Mike Shedlock tackles Paul Krugman and the Greenspan Contrarian Indicator (GCI)

Welcome to Capital Account. So what is this austerity we keep hearing all about. Well, this isn’t word of the day, but let’s look at a quick definition: noun, plural aus·ter·i·ties. 1. austere  quality; severity of manner, life, etc.; sternness. 2. Usually, austerities. ascetic practices: austerities of monastery life.

Hmm…sounds pretty awful. I wouldn’t want to live in a monastery or live a “stern” lifestyle. But does cutting back on government spending equate to “austerity?” Well, maybe in the short-run for those whose incomes drop as a result, but what about longer term, what does austerity mean? There seems to be this popular notion among mainstream economists that there are periods, like the one we are in today, where the private sector, willy nilly, just stops spending. This is otherwise known as a “crisis in aggregate demand,” and the solution, according to people like Paul Krugman, is for the government to step in and spend money. But why is the private sector not spending. Again, mainline economists point to something called “the paradox of thrift,” in order to explain away this…well…paradox! They believe that people, responding to negative future expectations about growth, income and security, choose to save an ever greater amount of their ever declining income. By doing what is in their own best interests, as the theory goes, the whole of humanity drives itself and its economy to a grinding halt and back into the stone age. If everyone saves, there is no one left to spend, and if there is no one left to spend, then there is no economic activity. GDP contracts, incomes crash, and savings evaporate. Essentially, it is a self-produced depression.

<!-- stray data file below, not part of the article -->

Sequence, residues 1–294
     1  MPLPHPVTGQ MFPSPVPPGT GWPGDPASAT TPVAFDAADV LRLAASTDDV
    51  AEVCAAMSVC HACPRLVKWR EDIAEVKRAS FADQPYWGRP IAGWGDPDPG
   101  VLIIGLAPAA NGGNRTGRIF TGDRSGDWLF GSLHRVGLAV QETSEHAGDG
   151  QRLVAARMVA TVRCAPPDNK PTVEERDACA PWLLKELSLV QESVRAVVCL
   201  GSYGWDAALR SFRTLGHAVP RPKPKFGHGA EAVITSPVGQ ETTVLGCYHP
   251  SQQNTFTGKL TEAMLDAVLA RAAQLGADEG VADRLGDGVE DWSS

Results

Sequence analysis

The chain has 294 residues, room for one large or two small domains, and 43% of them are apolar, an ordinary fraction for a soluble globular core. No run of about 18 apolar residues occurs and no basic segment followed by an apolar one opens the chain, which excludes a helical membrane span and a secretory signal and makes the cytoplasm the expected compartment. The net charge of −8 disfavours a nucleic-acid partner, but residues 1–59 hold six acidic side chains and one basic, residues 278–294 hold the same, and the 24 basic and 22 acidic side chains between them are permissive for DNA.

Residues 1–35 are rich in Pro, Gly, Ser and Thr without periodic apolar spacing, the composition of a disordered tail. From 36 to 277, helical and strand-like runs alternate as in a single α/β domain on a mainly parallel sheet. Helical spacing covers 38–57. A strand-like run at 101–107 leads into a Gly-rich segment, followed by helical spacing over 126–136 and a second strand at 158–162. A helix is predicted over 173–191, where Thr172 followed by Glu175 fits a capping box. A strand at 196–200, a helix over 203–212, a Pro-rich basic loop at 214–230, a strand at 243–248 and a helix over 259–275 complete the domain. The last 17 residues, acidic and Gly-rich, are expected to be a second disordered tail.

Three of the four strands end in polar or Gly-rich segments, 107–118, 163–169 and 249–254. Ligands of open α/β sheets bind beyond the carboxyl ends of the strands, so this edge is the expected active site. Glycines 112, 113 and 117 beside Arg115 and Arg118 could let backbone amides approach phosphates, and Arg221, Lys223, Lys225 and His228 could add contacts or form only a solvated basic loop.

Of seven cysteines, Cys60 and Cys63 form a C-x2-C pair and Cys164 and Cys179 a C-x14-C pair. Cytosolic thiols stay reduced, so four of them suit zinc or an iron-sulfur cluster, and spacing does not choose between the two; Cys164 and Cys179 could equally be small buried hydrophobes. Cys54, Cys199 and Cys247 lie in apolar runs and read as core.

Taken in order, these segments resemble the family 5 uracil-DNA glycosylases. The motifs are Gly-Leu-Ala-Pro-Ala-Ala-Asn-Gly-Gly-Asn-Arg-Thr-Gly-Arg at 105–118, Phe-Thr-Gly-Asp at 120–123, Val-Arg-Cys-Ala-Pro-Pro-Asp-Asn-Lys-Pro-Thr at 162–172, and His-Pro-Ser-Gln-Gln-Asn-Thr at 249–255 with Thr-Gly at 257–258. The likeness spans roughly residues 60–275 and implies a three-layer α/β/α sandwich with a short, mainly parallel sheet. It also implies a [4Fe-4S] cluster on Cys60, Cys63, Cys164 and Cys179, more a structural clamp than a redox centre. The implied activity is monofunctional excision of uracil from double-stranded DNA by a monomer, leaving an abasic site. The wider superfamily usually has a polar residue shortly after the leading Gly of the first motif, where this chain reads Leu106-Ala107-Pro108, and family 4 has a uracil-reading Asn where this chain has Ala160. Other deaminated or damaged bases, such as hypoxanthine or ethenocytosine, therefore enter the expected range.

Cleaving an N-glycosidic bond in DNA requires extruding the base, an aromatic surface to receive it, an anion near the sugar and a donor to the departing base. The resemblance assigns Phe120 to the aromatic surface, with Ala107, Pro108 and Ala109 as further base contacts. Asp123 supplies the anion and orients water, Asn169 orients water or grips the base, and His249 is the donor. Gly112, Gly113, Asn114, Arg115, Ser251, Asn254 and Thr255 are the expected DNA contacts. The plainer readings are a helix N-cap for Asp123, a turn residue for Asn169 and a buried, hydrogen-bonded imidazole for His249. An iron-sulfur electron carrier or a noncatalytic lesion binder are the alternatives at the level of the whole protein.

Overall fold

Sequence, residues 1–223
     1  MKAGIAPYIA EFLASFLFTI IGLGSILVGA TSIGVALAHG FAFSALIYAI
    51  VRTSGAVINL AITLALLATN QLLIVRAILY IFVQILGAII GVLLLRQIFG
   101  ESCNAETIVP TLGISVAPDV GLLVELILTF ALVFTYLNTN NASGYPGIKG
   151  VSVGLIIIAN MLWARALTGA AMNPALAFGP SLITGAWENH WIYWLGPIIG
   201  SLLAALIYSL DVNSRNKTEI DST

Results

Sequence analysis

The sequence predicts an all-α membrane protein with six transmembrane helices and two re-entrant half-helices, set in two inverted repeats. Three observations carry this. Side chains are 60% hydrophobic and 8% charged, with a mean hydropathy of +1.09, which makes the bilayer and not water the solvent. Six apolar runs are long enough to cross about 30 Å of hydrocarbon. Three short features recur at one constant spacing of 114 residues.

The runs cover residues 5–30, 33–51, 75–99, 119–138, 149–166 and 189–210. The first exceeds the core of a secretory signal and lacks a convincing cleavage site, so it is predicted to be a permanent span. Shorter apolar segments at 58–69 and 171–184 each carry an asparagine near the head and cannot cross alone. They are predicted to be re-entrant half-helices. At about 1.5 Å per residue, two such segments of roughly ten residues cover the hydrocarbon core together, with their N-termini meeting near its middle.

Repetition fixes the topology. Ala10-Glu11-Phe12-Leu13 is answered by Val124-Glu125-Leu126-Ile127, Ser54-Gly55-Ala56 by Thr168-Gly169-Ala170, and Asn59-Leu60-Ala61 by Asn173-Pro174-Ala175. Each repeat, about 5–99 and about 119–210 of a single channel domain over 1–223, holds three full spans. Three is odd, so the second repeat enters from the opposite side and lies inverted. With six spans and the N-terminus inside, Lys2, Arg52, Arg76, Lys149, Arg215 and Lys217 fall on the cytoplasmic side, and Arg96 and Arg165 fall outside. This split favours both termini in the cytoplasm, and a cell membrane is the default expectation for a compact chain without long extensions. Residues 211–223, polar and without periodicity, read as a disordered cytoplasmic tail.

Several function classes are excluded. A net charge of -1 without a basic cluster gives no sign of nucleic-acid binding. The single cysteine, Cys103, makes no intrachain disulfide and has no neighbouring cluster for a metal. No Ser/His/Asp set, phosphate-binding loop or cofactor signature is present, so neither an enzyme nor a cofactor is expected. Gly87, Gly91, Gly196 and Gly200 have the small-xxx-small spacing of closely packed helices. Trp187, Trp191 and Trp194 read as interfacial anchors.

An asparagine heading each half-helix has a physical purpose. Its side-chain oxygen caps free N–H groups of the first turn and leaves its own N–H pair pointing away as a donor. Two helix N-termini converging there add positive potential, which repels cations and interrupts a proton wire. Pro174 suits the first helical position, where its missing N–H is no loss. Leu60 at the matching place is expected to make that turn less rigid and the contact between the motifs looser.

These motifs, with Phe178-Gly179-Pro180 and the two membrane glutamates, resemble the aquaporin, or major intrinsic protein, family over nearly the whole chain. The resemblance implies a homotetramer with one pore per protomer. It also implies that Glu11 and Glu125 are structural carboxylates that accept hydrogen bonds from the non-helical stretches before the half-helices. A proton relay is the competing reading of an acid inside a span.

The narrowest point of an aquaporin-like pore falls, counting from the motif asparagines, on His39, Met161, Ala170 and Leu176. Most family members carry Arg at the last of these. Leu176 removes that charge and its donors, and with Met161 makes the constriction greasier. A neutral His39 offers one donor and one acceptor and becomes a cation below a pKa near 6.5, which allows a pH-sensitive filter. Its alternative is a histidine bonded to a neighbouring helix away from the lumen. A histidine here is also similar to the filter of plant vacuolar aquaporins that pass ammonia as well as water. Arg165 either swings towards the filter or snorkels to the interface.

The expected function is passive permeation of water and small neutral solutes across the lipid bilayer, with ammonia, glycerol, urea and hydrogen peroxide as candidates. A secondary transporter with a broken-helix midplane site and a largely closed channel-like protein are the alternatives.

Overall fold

Sounds pretty straightforward right? Only it isn’t. What economists like Paul Krugman, Ben Bernanke and others fail to recognize, is that there is a reason why the private sector is not spending, which has nothing to do with an elaborate, psychological feed-back loop. It is true that negative future expectations do reinforce a negative trend, but at some point, that trend DOES HAVE to reverse. A bottom WILL form, and from that point the economy rebounds. So what then, is preventing the bottom from forming? Enter, that four letter word, D-E-B-T. The reason that the economy cannot recover, and the reason that the private sector is not spending, is because it is in the process of deleveraging from a debt binge that has gone on, arguably, for almost 4 decades in the US, and with a bit more variation in Europe.

The problem is not a lack of demand. This is a symptom. The disease is a stock of nominal debt so large that it has created a negative drag on the economy. Attempting to carry this debt, i.e. not defaulting on it or not forgiving it, is a path towards feudalism…towards serfdom. This is why we have bankruptcy laws for the private sector. The notion that this should not apply to government debt as well is bank propaganda.

As we have mentioned often on this show, excessive debt levels lead to the distortion of prices and the misallocation of capital. This misallocation ultimately pushes economies into recession. A recession isn’t pleasant, but it is a natural economic process. You can’t have booms without busts, and a recession is just the economy’s way of purging itself of all the malinvestment created during the boom. In the economy, as in life, you cannot run a race forever without taking a break. At some point, you need to rest, and if you don’t do it on your own according, your body will force it upon you. Debt is a stimulant for the economy, the same way that amphetamines are a stimulant for a runner. It may help you get more growth in the short-term, but you will pay for some of that extra growth with a recession later on. That’s life. Nothing moves in one direction forever.

And on that note, this intro seems to be bumping up against those limitations, so let’s turn now to our guest Mike "Mish" Shedlock for his take on all of this. He has been writing about the downturn in Spain and Germany, the fight between Paul Krugman and Ben Bernanke, and more!

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